By Michael Traynor
Nature and all things natural have been around for a long time. Some might say as long as the Big Bang. That thought occurred to me a few weeks ago while wandering through the Vatican Museum. There are many stunning objects on display dating from ages past. One painting stopped me dead in my tracks. Let me explain.
In April 1983, my younger self was wandering about the Art Institute of Chicago, clutching a ticket to a traveling exhibit “Treasures of the Vatican Museum.” It introduced me to a world of experience beyond my imagination. Having minimal expectation to be able to see these wonders again, I searched the gift shop for something to remember the experience. I spotted a poster of a painting of St. Francis of Assisi, patron saint of nature, birds, and animals. It had a presence — of nature, simplicity, antiquity, eternity, and kindness wrapped as one.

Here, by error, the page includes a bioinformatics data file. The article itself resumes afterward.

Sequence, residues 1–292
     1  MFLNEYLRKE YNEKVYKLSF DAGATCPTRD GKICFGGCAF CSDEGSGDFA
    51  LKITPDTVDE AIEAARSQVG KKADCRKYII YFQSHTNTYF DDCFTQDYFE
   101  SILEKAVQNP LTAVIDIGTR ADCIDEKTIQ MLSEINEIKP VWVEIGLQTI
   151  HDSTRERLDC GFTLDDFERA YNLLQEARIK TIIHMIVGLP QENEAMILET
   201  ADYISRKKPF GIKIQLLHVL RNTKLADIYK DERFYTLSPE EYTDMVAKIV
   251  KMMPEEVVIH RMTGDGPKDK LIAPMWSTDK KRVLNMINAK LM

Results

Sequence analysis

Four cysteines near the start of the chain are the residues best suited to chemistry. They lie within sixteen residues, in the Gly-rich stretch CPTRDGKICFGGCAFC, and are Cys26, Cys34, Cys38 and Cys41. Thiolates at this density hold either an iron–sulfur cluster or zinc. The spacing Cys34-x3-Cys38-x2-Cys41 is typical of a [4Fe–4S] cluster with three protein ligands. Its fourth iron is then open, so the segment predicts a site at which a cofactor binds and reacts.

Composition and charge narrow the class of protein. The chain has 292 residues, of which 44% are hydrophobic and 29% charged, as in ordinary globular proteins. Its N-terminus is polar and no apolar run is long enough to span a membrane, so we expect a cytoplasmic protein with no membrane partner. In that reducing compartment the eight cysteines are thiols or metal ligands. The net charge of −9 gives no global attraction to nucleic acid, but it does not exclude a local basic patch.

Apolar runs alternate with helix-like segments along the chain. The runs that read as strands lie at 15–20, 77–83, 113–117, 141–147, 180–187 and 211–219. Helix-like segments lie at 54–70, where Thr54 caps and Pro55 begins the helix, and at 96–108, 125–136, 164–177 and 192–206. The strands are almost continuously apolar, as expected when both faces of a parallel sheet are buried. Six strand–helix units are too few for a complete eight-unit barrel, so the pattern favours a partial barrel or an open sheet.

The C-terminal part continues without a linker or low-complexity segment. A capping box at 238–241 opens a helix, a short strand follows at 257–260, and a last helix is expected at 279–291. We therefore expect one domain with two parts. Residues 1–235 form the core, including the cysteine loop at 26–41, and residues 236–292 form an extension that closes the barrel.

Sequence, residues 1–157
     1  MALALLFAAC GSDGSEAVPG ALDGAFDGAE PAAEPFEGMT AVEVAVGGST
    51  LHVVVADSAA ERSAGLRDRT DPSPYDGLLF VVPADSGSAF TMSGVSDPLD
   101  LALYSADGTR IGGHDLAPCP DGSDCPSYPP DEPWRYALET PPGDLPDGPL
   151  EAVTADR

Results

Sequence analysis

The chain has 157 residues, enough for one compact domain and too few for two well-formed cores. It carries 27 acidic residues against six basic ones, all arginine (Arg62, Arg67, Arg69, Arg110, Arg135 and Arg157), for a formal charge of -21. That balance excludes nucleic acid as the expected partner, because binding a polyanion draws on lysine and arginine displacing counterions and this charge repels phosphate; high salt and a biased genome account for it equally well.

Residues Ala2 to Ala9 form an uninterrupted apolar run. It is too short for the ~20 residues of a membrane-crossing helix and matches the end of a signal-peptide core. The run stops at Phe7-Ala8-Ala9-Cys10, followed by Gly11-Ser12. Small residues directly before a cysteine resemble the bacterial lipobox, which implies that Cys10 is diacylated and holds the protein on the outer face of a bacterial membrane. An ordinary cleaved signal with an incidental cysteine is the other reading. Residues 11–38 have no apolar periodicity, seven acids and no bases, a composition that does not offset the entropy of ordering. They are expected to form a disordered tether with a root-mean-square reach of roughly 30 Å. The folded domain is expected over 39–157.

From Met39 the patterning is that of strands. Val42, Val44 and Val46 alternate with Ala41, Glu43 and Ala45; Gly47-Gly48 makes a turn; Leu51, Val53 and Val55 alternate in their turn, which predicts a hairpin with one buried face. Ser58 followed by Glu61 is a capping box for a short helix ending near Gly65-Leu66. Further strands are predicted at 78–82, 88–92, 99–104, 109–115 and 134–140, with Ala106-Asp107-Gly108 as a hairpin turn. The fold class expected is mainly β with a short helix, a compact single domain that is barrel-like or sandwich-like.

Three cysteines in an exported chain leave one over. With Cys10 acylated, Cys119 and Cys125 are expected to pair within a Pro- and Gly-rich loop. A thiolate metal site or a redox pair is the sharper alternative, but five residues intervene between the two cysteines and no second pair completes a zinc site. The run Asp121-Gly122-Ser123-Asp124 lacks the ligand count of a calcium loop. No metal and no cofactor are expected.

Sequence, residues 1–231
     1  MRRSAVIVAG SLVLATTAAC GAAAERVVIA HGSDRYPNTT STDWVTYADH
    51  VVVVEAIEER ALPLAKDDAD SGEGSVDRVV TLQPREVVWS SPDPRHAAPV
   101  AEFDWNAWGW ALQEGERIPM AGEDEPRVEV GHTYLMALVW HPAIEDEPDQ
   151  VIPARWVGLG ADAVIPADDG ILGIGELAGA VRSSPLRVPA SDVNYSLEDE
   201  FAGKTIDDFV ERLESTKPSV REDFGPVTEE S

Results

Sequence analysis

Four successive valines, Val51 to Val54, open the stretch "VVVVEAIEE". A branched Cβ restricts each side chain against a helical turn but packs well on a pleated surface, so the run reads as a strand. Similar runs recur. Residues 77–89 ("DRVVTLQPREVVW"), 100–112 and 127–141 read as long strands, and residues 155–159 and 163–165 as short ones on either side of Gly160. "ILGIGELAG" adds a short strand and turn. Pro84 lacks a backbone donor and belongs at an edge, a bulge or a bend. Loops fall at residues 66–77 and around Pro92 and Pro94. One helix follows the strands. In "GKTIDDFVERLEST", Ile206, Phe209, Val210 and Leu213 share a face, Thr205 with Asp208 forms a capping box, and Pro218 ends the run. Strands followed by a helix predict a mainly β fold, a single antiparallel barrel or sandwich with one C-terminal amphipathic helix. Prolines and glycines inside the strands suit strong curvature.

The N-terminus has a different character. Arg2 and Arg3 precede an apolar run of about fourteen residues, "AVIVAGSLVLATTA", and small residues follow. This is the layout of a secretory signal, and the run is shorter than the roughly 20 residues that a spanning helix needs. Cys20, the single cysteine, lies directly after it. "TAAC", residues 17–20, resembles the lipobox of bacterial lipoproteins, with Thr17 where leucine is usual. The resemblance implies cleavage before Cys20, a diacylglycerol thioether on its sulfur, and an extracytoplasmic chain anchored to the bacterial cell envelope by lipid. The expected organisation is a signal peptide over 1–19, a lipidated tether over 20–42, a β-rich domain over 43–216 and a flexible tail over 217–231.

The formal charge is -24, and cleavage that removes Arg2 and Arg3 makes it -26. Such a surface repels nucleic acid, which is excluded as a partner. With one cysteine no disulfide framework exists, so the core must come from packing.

The St. Francis poster has hung framed in my bedroom for the ensuing 40 years. My recollection of its story and where it came from had been long forgotten. As I grew older, my enthusiasm for nature grew steadily, inspired perhaps by St. Francis’ watchful gaze.
Now back today in the Vatican Museum, I stopped in front of my painting and exclaimed aloud “St. Francis, what are YOU doing here!? Memories of 40 years ago returned. St. Francis had not changed a bit over all this time! Yet in that time, I had grown much older.
At that moment, I felt my own journey — composed of experiences within and as a part of nature, in an allotted time, accompanied within time by the resonances represented in that painting, and surrounded by it outside of time itself. Could that be what it is like to try to live a life attuned to nature and all living things? Maybe St. Francis was onto something.